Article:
Dear Mr. President:
Please accept our warmest greetings. We will also like to use this opportunity to thank you, from the depth of our soul, for affording us a portion of your invaluable time yesterday. You could have been anywhere, but you elected to be with us. That too is a testimonial that you came to rescue the poor, of whom the disabled are chiefs.
Be that as it may, Mr. President, we couldn’t help but notice that irrespective of the promise made on March 8 to probe in the matter, there was no committee set up to do same. From our participatory, observational perspective, the April 11 meeting was not even on the Agenda for the day and it almost did not happen. Nevertheless, thanks ‘be to God’ that you intervened and we were able to meet, albeit we left with a heavy heart, because of the lack of a solution to the problem.
We will be remiss if we do not acknowledge the gains made in the quest to make the most marginalized inclusive of your pro-poor Agenda. When we pleaded with you on March 8 about the implementation of Section 5 of the Act that established the National Commission on Disabilities (NCD), you listened. We appreciate that you have easily mandated all Ministries and Agencies to adhere to hiring at least one qualified disabled person, albeit we would have wished for a Public Policy Statement. However, LIPA took the lead by hiring two, followed by MICAT. We pray that other entities will follow suit. Thank you, Mr. President.
Mr. President, since our protest, starting from the one at your house on March 4, we have presented our petition on two tiers. The first and foremost being the reversal of the reinstatement of the three Directors at the NCD and we recommended it because the trio, irrespective of serving the community for eight years and mismanaging about 3 million dollars, have brought no improvement to the lives of persons with disabilities. They are unequal to the task and are prone to self-aggrandizement. You need no other evidence of their ineptitude and disservice than the ones you see daily. You drive by the Nigerian House, VAMOMA house, and Crown Hill and see the blind begging for alms along with their kids who will be public charges in the future. Then there are the physically impaired in wheelchairs under the hot scorching sun, panhandling for their daily bread and how about the naked malnourished mental health people who sleep on the streets and eat from garages and the so-called Zogos reeling from the side effect of Drug-Induced psychosis. Amen Mr. President, what other proof do you need?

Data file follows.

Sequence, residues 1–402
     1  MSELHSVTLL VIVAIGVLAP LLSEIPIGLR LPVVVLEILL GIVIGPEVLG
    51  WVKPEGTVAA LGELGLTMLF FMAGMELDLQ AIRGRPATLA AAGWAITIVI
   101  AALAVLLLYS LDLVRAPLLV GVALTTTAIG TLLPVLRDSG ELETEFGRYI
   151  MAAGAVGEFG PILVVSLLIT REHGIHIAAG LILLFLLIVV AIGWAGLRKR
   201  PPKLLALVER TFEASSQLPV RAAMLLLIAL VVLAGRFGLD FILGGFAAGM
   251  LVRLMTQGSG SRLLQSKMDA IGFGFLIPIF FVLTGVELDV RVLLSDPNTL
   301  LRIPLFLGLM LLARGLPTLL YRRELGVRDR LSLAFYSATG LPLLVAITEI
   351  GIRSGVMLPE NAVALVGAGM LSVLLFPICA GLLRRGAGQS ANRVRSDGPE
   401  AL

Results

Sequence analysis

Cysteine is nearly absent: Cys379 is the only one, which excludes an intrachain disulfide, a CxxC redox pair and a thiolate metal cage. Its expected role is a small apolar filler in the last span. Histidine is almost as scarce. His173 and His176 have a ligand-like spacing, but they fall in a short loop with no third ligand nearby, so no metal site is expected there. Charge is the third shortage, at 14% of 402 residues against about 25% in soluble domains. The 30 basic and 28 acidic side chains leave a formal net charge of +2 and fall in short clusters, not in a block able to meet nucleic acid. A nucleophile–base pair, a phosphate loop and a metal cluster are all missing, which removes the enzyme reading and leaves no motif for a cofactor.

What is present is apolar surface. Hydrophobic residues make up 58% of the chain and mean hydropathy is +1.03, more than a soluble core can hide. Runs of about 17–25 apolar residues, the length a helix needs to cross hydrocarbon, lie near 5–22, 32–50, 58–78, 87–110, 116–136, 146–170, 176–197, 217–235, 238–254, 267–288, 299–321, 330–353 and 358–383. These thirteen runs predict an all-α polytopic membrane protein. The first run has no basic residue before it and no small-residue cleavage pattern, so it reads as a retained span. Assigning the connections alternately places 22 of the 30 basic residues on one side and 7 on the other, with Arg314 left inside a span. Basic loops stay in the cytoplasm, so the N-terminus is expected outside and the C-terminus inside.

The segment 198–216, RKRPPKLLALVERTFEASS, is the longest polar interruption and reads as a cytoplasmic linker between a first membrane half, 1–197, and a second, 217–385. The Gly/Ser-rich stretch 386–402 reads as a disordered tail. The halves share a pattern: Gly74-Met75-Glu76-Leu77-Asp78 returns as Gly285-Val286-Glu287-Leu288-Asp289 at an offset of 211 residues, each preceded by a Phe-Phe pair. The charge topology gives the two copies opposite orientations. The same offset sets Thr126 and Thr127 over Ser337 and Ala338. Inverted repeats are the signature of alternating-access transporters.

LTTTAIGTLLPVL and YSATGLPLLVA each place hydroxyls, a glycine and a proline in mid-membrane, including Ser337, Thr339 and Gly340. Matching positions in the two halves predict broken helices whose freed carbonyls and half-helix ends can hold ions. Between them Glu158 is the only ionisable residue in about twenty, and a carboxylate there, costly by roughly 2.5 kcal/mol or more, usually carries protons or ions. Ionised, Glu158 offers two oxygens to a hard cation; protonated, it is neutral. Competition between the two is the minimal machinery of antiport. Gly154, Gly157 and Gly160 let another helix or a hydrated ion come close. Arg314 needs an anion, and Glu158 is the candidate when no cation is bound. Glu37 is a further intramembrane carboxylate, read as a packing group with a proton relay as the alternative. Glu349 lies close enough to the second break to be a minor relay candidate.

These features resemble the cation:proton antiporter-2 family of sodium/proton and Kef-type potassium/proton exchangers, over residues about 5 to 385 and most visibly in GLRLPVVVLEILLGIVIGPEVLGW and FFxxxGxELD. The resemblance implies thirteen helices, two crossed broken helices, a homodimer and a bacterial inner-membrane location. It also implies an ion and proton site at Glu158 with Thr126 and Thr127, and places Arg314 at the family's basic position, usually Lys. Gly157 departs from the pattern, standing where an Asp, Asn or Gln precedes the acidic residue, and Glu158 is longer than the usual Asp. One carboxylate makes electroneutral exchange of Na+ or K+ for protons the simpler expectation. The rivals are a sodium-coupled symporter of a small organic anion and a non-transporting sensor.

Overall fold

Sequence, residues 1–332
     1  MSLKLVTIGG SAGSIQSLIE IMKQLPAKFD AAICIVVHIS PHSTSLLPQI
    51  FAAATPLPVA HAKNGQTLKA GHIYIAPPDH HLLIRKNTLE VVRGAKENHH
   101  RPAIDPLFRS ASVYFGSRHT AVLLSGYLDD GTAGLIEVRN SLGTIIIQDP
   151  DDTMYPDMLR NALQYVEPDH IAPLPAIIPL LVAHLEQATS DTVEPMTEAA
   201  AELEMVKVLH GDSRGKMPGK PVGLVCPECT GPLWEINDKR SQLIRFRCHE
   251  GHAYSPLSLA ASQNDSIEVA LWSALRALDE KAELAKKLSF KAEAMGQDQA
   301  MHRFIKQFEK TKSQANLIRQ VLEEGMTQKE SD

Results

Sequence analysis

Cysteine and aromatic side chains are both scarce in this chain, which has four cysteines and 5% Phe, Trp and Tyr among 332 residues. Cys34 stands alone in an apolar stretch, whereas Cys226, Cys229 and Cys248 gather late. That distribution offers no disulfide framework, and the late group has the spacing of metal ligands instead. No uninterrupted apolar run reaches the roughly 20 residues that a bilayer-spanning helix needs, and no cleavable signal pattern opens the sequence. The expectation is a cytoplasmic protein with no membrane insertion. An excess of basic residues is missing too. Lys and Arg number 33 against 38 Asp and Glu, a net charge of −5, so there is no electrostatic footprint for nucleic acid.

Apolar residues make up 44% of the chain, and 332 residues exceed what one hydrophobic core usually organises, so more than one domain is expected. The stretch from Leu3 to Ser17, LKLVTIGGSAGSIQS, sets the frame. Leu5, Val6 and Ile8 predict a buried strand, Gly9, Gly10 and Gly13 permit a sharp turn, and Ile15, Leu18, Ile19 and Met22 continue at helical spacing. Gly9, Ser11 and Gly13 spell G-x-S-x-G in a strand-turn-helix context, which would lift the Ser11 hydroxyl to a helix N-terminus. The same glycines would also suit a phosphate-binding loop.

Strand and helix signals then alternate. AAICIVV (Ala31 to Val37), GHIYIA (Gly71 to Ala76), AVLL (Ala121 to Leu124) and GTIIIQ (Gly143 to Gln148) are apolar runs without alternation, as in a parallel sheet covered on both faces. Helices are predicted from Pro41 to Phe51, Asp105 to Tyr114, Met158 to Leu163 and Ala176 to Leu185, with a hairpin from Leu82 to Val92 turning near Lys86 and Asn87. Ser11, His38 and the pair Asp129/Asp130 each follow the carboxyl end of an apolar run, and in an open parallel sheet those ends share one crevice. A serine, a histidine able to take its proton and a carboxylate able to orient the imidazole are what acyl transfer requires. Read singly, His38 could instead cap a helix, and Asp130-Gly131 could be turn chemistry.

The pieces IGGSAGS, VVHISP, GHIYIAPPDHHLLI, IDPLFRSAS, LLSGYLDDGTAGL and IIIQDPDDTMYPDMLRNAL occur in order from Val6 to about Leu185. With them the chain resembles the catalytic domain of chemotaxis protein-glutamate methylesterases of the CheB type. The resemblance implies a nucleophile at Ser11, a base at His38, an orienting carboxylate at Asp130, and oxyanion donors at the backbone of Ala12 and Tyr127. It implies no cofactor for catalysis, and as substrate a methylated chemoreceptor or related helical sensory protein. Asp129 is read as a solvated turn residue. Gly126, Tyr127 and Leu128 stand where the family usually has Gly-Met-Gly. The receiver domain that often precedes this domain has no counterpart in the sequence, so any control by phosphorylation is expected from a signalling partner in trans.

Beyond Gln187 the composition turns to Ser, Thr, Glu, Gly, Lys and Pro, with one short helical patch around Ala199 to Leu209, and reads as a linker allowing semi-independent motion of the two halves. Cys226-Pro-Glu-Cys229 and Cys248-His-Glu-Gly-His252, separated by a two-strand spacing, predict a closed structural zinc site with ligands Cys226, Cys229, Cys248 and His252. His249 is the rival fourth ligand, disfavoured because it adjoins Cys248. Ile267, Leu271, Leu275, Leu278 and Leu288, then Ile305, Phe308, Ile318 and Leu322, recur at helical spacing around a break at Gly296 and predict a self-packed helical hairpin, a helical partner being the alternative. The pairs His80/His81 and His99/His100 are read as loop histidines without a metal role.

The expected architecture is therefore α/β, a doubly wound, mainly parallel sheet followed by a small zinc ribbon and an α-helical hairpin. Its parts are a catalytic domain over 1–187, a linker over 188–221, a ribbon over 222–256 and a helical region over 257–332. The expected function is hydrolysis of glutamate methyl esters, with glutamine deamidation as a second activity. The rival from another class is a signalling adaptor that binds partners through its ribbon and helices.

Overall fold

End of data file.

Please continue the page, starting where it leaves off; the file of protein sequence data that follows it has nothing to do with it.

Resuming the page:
Your Excellency, we understand your empathy towards our race and as you said “you’re sorry for them and don’t want to fire a disabled person,” however, you don’t have to fire them. Mr. President, with all due respect, we are talking about integrity here and not sympathy. You have lives to improve and a nation to build, the last thing you need is to feel sorry for people who are not sorry for their fellow men. However, if you insist on keeping them employed, something we are equally championing for all disabled, we kindly recommend their transfer to the Ministry of Education, where there is a Director for Special Education slot for a disabled and three assistant directors’ slots for a blind, deaf and crippled. Better still, you could kindly transfer them to Lotto. Pursuant to the same Act, three disabled should serve as members of the Board. At your will and pleasure, those slots could be theirs.
Meanwhile, Mr. President, in our meeting on the 11th, you asked for a way forward in appointing new Directors at the Commission. We then told you that our leaders are traditionally vied for through a competitive vetting process encompassing two deaf, two blind, two crippled and an emissary from the Civil Society. When the candidate/s is/are vetted, the names are then taken to the Vice President who then makes the recommendation to you for an appointment. “There’s nothing for us, without us.”
Lastly, Mr. President, your predecessor pioneered her Agenda for Transformation. An Agenda championed by the three mentioned Directors at the NCD, which failed the disabled people miserably. That is why we cannot risk our pro-poor Agenda being purged by UPist ideologues. It is our fervent prayers that frontline militants and political icons of the invincible Disabled League of the Mighty Coalition for Democratic Change, who stood the test of time and dared to crusade against their former custodians, champion the cause.
In closing, Mr. President, we pray that you listen to your people, for the voice of the people is the voice of God. We love you and want you to succeed; therefore, we will not sit by idly and fail in our sphere. “In the cause of the people, the struggle must end.”
Rally T. Fallah,
Co-chair for Mobilization
Samuel Mawen Sumo Dean, Sr.